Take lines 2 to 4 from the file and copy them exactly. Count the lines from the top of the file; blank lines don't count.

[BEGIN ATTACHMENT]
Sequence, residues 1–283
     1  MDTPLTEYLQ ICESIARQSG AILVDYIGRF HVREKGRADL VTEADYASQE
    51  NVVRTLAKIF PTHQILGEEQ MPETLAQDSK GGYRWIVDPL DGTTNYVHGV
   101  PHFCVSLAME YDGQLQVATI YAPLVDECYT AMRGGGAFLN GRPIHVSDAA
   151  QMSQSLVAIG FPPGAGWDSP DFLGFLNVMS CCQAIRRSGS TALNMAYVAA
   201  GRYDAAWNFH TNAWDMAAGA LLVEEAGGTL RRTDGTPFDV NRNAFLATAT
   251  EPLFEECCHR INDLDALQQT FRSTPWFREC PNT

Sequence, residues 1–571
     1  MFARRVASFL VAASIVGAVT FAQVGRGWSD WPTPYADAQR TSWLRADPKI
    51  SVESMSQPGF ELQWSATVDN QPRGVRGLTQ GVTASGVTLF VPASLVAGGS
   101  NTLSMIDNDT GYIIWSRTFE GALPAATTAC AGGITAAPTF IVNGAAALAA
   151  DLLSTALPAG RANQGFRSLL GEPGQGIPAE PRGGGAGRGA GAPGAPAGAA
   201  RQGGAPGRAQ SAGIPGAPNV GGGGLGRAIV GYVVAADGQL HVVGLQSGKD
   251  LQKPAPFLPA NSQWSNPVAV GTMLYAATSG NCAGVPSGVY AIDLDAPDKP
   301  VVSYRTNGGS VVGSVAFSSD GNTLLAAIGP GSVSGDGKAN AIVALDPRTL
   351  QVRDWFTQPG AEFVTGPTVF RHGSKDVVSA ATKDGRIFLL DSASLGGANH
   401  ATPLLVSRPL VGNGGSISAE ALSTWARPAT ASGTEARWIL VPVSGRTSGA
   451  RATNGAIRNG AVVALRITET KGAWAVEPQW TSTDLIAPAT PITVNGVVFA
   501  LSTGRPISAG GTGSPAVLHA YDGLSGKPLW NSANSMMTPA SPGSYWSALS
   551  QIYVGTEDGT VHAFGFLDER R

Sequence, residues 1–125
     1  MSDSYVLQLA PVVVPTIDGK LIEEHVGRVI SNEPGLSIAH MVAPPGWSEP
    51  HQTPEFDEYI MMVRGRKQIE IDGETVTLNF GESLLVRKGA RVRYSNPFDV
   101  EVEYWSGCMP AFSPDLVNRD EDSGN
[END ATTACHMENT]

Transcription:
     1  MDTPLTEYLQ ICESIARQSG AILVDYIGRF HVREKGRADL VTEADYASQE
    51  NVVRTLAKIF PTHQILGEEQ MPETLAQDSK GGYRWIVDPL DGTTNYVHGV
   101  PHFCVSLAME YDGQLQVATI YAPLVDECYT AMRGGGAFLN GRPIHVSDAA